All You Who Are To Mirth Inclined
From "Manx Soc vol XXI"
Words: English Traditional
See: All You That Are To Mirth Inclined - Notes
To the tune of, The bleeding heart. Or, In Creet, etc.
A Selection of Proverbs, Sayings, Ballads, Customs, Superstitions, and Legends
Peculiar to the Isle of Man.
Collected and Edited by William Harrison.
Second Series. Douglas, Isle of Man.
Printed for the Manx Society, 1873
ALL you who are to mirth inclined,
Consider well, and bear in mind
What your great God for you hath done,
In sending his beloved Son.
Let all your songs and praises be
Unto his Heavenly Majesty;
And evermore among your mirth
Remember Christ and his blesít birth.
The five and twentieth of December,
Great cause have we to remember,
In Bethlehem upon this morn
There was a blesít Messiah born.
The night before that happy tide
The spotless Virgin, and her guide,
Were long time seeking up and down
To find out lodging in the town.
And mark how all things came to pass;
They in the lodgings so full was,
That they could find no room at all
But in the oxís sully stall.
Wherein the Virgin Mary mild
Was safe delivered of a Child
According to high Heavenís decree
He was manís Saviour to be.
Near Bethlehem did shepherds keep
With watchful care their flocks of sheep
So, when an angel did appear,
Which filled all their hearts with fear.
" Prepare to go," the angel said,
" To Bethlehem, be not afraid
There shall you see, this blessed morn,
The heavenly babe, sweet Jesus, born."
With thankful hearts and joyful mind,
The shepherds went this babe to find
And as before the angel told,
They did our Saviour Christ behold.
Within a manger he was laid,
And by his side the Virgin stayed,
Attending on the Lord of life,
Being both mother, maid, and wife.
If choirs of angels did rejoice,
Well may mankind with heart and Voice
Sing praises to the God of Heaven,
For he to us his Son hath given.
Moreover, let us every one
Call unto mind, and think upon
His righteous life, and how he died,
That sinners might be justified.
Suppose, O man, that thou should be
In prison strong, condemníd to die,
And had no friends upon the earth
Would ransom you from cruel death.
Except you could some person find,
That unto you would be so kind,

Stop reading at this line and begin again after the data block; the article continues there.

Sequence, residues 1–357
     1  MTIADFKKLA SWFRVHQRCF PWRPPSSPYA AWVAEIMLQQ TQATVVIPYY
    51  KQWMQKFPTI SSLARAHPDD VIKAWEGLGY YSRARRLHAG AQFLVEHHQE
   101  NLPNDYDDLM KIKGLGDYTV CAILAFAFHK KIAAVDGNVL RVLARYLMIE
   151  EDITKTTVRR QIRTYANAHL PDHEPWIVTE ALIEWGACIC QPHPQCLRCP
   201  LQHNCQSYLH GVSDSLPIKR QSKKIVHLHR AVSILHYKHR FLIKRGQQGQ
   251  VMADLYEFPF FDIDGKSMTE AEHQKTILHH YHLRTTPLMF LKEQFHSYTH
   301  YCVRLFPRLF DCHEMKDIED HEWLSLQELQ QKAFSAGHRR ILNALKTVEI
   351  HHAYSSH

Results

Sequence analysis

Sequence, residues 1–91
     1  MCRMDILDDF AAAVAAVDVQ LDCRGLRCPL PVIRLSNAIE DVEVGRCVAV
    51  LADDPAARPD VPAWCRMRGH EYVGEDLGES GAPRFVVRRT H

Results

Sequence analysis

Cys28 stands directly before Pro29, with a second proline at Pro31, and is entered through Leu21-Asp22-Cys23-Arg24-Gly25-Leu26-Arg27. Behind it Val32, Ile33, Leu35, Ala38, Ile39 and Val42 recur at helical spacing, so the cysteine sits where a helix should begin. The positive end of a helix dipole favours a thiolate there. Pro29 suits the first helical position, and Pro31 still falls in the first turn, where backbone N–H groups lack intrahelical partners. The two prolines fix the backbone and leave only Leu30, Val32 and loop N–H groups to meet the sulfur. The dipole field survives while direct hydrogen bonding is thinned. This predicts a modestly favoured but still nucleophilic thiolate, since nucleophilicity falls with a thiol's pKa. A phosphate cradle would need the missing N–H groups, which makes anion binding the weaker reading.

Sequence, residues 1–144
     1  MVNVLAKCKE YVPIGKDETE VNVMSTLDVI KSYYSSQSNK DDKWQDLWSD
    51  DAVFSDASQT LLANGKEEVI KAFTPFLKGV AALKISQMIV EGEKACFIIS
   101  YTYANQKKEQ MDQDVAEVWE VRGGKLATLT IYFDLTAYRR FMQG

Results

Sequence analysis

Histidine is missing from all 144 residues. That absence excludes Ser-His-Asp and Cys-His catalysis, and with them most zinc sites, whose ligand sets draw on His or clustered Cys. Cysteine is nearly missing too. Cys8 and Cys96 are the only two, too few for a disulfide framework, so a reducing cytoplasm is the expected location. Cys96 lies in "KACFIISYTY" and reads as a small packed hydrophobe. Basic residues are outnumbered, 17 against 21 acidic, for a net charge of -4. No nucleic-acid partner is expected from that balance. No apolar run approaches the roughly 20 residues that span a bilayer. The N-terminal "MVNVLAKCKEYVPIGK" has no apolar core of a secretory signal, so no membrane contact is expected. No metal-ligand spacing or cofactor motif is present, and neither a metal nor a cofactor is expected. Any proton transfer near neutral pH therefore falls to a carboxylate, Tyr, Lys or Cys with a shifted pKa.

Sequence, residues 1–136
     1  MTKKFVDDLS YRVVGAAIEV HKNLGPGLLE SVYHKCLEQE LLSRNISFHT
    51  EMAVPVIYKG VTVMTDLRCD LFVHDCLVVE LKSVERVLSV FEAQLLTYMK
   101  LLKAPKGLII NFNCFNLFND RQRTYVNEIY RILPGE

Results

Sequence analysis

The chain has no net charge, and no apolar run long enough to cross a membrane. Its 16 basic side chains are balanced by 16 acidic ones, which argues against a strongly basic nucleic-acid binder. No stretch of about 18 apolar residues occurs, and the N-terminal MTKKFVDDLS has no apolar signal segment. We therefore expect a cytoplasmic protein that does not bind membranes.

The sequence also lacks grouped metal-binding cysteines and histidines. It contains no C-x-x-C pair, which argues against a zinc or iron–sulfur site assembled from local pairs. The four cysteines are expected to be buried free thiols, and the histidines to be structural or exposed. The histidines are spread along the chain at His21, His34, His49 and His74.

As would you free redemption give,
Would die himself, that you might live.
Such was the act of Christ, when we
Were doomed to endless misery,
To save us from the gulph of woe,
Himself much pain did overflow.
While in this world he did remain
He did not spend one hour in vain;
To fasting, and to prayers divine,
He mostly did devote his time.
He in the Temple daily taught,
And many miracles he wrought;
Ho gave the blind their perfect sight,
And caused the lame to walk upright.
He cured the lepers of their evils,
And by his power he cast out devils;
He raised Lazarus from the dead,
And to the sick their health restored.
But yet, for all these wonders wrought,
The Jew his dire destruction brought;
And Judas, who did with him stay,
Did, with a kiss, his Lord betray.
Then he was taken by the Jews,
Who did him wrongfully accuse,
And pass the sentence then, that he
Should suffer death upon a tree.
They led him then unto the cross,
And thereupon he nailed was;
They scornfully did him deride,
And thrust a spear into his side.
Then never let us cease to sing,
With grateful hearts unto our King,
Who hath so freely shed his blood,
Only to do us sinners good.
Note from Harrison:
This rude old carol is from an old MS. copy of about the middle of last century [e.g., 1750], and was a favourite one in country districts. Various versions have been printed in works on Christmas Carols, but this appears to extend much farther than any I have met with.
Editor's Note: There are a number of carols on this website with similar titles or lyrical themes, and some of which are derived from a single source. See: All You That Are To Mirth Inclined - Notes.
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